Elon students explore entrepreneurship in Washington D.C.
Residents of Elon’s Innovation House met with local entrepreneurs, including an Elon alumnus, to learn about the city’s startup ecosystem.
Nine Elon students with a passion for entrepreneurship explored the entrepreneurial areas of Washington D.C. from Feb. 10–12, meeting with local entrepreneurs and visiting a variety of organizations. The experience offered residents of Elon’s Innovation House, an entrepreneurship-themed living learning community, with the opportunity to further their understanding of entrepreneurship in the world today.
“We learned that we all have the potential be innovative and to disrupt society in our own ways,” said Martin Sharp ’18, who organized the road trip.
The group visited 1776, a global incubator located in Crystal City where they met with the manager, Noelle London, as well as local entrepreneurs. London discussed the impact of 1776 on D.C.’s startup scene and its vital role in disrupting highly regulated industries using mentors and their curriculum to help entrepreneurs navigate the D.C. ecosystem.
Tyrone Wilson of HackEd, a company that educates children on hacking and cybersecurity, spoke to the group about making an impact. “Build a Venn diagram with three circles,” he said. “In the first circle, you put what you love. In the second put what you’re good at, and in the third put what the world needs. At that intersection is where you’ll find your impact on society. I’m not going to get emotional, but teaching cybersecurity and hacking to the next generation is my place and my impact.”
Wilison also stressed the importance of keeping professional relationships strong. “I haven’t interviewed in 18 years since my first job out of college," he said. "Working in cybersecurity in Washington D.C. there is always a need.”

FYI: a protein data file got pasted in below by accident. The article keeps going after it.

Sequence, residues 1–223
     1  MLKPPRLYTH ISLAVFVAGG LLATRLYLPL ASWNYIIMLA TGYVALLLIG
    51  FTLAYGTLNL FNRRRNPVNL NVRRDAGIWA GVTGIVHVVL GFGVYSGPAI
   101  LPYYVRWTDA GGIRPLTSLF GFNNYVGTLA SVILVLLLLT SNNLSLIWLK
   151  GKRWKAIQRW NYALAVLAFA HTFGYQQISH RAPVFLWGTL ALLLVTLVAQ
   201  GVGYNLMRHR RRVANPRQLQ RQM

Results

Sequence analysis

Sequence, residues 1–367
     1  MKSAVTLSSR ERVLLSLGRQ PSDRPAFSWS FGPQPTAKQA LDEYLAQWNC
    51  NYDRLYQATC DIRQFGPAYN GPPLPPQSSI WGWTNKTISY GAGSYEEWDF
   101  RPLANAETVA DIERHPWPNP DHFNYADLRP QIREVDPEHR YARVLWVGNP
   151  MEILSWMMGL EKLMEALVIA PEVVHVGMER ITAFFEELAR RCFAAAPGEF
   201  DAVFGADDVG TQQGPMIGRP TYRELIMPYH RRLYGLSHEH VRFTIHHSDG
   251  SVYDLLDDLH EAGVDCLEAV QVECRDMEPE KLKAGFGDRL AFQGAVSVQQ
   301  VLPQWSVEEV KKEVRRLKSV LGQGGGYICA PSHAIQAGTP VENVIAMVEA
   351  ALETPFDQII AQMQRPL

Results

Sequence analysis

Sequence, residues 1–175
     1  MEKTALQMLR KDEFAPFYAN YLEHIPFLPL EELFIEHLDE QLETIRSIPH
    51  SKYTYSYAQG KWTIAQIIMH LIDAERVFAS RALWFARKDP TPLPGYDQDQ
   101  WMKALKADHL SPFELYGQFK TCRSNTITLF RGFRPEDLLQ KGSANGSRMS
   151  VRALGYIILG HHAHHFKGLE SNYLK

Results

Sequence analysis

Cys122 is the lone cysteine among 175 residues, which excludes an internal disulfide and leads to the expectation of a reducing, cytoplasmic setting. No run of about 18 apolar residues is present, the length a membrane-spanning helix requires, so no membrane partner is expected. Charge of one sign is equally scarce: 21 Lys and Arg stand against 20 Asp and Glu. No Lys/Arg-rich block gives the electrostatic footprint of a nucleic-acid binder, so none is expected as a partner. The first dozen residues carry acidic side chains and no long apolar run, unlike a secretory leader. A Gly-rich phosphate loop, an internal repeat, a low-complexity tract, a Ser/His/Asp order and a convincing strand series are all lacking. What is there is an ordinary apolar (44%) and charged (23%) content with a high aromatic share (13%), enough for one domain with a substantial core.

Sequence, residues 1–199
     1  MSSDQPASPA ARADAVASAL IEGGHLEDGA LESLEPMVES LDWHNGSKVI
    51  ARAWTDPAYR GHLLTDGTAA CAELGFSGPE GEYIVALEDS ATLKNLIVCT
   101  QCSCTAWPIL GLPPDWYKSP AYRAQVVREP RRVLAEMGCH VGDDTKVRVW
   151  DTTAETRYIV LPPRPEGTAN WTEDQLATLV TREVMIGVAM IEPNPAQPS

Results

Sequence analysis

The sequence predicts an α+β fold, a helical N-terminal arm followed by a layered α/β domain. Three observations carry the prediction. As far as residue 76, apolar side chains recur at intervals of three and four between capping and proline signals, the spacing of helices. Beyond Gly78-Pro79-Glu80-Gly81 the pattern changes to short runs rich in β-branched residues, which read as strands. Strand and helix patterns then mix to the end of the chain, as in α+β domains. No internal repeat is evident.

Sandboxx CEO Sam Meeks discussed connecting members of the military through their own personalized social network. A main purpose of Sandboxx is to allow the family at home to engage in a simpler, more convenient way of connecting with their family member. “We try to really connect the families so if this week is swim training we let the families know and they have to option to send a gift-card so the soldier in training can get nose clips or whatever they need,” Meeks said.
The group also visited TechShop, an open-access, DIY workshop and fabrication studio, and WeLive, a new WeWork coliving space, as well as Union Kitchen.
The entrepreneurship road trip concluded with meeting Stephen Kae ’14 at NotionTheory, a development firm for startups and leading brands. NotionTheory’s team of engineers and designers aim to bring the best VR content and hardware to the market among companies like Google and YouTube. Kae currently leads all growth and marketing initiatives as the lead growth engineer, and has helped establish the company as one of the country’s rising tech agencies.
The entrepreneurship road trip was co-sponsored by Elon’s Innovation House and the Doherty Center for Entrepreneurial Leadership.
Information provided by Martin Sharp ‘18